The oval of young Regan Smolic’s school was turned into a heart-shaped sea of red yesterday to support the 12-year-old who has been battling cancer for eight years.
Almost 700 pupils at St Peter’s Primary School in Inglewood dressed in red for Regan, and to raise money for Telethon.
Regan wanted to be there but had to watch the spectacle from his bed at Perth Children’s Hospital where he has been bedridden for the past three months.
He smiled as he watched a video of his classmates yelling “Regan”, instead of ‘cheese’ for the camera.
“It’s pretty cool, and very nice of them,” he said.
Regan was just four when he become unwell in September 2011 with headaches and vomiting, and began losing weight.
His parents Amanda and Daniel took him to see doctors, who repeatedly dismissed suggestions he had a brain tumour.
About five months later, Regan collapsed and was taken to hospital where he had emergency surgery to remove a brain tumour.
He was diagnosed with pilocytic astrocytoma, which has seen rare and slow-growing tumours grow and spread extensively in his brain and spine.
Regan has had 22 operations during his short life — nine over the past three months alone.
An operation to remove a tumour caused nerve damage in his brain stem, leaving him unable to swallow. He has been fed through a tube for seven years. Mrs Smolic said Regan coped remarkably well with being unable to eat.
“I really struggled with it in the beginning but now I’m grateful that he’s still fighting. You’ve just got to move on,” she said.
Regan’s latest stint in hospital has been to deal with crippling headaches caused by a blocked shunt, which is implanted into his brain to drain excess fluid.
Surgery to unblock the shunt has been unsuccessful because it has caused dangerous bleeding on his brain.
Regan now has an external drain fitted into his brain to relieve low pressure fluid. But he has to lie in bed at a certain angle for the drain to function and is not allowed to stand up or walk around.
Regan’s mother, Amanda Smolic, said her son’s battle with cancer had been long and hard, especially the last three months.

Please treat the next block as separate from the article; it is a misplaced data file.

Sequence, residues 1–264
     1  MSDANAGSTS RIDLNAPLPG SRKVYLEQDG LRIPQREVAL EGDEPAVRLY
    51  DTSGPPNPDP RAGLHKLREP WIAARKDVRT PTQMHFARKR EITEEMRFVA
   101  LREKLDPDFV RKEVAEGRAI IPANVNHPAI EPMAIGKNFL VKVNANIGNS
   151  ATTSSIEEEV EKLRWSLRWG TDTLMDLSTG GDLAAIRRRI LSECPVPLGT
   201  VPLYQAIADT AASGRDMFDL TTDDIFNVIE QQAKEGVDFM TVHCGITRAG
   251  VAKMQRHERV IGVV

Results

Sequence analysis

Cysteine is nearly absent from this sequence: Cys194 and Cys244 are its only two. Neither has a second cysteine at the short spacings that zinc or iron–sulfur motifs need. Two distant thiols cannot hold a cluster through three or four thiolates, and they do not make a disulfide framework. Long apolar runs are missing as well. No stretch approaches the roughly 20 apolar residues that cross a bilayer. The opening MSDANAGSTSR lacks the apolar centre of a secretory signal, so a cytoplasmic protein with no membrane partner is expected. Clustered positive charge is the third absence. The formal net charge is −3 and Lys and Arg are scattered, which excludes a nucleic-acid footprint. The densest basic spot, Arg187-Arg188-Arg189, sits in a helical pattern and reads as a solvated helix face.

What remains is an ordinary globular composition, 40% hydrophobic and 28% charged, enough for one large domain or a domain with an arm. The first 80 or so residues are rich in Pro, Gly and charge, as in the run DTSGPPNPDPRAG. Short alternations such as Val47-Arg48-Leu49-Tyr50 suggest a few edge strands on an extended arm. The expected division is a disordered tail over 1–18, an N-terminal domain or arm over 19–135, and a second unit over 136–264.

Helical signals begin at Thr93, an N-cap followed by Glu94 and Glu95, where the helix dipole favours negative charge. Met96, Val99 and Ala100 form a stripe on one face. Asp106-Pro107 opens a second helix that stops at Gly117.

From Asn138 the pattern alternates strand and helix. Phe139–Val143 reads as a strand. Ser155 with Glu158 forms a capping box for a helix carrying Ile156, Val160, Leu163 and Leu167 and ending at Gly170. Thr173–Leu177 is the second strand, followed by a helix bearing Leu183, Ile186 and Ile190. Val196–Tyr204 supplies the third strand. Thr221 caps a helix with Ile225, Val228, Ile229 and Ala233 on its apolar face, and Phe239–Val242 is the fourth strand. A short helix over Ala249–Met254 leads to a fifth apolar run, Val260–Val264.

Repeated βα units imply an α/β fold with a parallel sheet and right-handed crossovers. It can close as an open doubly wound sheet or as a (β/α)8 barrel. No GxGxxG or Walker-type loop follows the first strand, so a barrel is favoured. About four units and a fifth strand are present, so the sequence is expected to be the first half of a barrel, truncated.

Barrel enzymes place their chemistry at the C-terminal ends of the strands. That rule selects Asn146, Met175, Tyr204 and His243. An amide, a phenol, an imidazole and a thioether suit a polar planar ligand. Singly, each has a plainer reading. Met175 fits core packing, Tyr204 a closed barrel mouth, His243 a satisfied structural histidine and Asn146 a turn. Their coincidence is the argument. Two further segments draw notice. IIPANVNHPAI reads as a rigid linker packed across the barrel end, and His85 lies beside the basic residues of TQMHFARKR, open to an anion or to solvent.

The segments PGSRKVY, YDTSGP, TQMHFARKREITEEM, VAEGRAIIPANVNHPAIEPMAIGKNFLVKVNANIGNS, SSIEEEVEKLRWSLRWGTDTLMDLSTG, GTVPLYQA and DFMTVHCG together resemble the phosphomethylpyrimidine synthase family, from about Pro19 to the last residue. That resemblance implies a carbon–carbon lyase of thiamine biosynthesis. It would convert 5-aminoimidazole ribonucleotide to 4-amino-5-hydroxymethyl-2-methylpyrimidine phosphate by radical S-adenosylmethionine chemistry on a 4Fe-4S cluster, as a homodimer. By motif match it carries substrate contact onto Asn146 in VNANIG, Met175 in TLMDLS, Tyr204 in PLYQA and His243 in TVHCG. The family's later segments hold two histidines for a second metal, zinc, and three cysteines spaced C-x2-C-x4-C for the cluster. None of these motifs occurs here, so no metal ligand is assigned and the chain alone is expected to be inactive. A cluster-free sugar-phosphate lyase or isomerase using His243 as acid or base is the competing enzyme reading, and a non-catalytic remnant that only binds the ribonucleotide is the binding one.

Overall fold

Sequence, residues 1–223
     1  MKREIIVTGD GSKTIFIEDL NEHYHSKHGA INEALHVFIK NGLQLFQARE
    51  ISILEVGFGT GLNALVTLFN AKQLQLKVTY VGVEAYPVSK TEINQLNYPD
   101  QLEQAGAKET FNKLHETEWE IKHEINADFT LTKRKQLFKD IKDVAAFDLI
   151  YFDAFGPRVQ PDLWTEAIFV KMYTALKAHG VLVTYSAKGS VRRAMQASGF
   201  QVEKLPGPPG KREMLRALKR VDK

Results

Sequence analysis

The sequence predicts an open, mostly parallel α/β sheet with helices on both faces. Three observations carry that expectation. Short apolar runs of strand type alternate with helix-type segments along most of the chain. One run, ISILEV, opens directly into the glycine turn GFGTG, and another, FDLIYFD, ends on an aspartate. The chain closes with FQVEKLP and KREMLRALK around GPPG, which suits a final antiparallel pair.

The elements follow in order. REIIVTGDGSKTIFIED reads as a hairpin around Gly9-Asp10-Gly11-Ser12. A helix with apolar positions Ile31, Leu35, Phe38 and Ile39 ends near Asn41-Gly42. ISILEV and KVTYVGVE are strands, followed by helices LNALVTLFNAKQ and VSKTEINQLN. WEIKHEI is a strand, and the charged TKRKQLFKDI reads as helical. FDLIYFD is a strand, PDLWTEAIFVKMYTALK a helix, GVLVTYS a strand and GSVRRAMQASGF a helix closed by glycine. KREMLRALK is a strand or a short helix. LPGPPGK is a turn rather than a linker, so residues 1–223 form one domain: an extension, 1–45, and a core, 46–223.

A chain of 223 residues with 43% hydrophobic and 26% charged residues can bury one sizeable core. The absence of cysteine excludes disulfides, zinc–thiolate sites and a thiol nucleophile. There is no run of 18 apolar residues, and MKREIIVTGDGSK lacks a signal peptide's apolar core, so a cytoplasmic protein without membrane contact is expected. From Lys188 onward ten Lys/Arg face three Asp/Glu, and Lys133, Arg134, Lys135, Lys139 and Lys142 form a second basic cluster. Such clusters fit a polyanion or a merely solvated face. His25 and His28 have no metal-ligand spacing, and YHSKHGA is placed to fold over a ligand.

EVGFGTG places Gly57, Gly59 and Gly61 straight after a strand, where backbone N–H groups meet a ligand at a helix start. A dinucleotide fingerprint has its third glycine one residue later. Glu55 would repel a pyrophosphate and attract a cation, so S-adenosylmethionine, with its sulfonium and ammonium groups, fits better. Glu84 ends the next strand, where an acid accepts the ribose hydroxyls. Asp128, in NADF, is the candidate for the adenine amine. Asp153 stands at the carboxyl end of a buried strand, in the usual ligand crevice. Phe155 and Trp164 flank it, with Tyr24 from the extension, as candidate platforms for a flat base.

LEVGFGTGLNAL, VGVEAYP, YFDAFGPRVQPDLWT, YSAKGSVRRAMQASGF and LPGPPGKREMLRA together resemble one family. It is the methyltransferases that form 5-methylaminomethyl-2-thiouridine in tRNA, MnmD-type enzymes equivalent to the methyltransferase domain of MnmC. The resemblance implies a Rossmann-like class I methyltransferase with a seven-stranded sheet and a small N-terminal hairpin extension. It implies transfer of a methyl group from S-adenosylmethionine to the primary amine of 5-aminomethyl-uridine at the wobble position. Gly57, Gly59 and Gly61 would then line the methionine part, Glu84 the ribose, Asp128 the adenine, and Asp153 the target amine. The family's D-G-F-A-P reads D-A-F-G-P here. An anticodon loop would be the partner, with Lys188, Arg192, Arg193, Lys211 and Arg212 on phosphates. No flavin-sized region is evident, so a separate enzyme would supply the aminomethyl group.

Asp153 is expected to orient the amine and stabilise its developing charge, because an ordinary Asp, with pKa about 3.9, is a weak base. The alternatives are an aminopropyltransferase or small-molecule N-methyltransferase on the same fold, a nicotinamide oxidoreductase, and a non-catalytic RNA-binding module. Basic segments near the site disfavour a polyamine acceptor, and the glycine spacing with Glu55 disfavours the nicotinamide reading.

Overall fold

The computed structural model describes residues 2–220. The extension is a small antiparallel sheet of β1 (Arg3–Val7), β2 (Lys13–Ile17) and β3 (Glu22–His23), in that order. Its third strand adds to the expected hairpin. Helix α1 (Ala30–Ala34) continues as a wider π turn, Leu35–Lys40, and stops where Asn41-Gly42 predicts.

“It’s been ongoing. He’s generally pretty good but he’s getting down at the moment. He’s stuck in bed and been in a lot of pain,” she said.
“I missed all of last term at school. I went to school for four days,” Regan said sadly.
Regan’s family and friends have made sure he has never been alone during his long hospital day.
A highlight for the young Dockers fan was a visit from Fremantle captain Nathan Fyfe last month. He smiled at the memory of his footy hero’s visit.
Regan was definite that sport was his favourite activity at school, followed by maths and art. He wants to be a police officer when he leaves school.
“I’m pretty interested in it. I’ve been to the police station,” he said.
Despite his illness, Regan has sought to help others like him. He has organised pirate dress-up days at his school to raise money for cancer research.
“It’s just fun,” he said.
Mrs Smolic said Regan had told her “he doesn’t want anyone else to go through what he’s going through”.
St Peter’s principal, Paul Brennan, said the dress-in-red day was a show of support for Regan, and for Telethon.
A teacher decorated Regan’s hospital room with red streamers and balloons in time for yesterday so Regan could be part of the fun.
“It looks like the community is getting behind it to raise morale for Regan and trying to raise a good amount for kids in need,” he said.
“Regan loves coming to school. In a message to his mates, he told them to never moan about school and homework because he would give anything to be there.”
Regan urged people to support Telethon next weekend.
“It’s important that people can donate so we can find cures for diseases,” he said.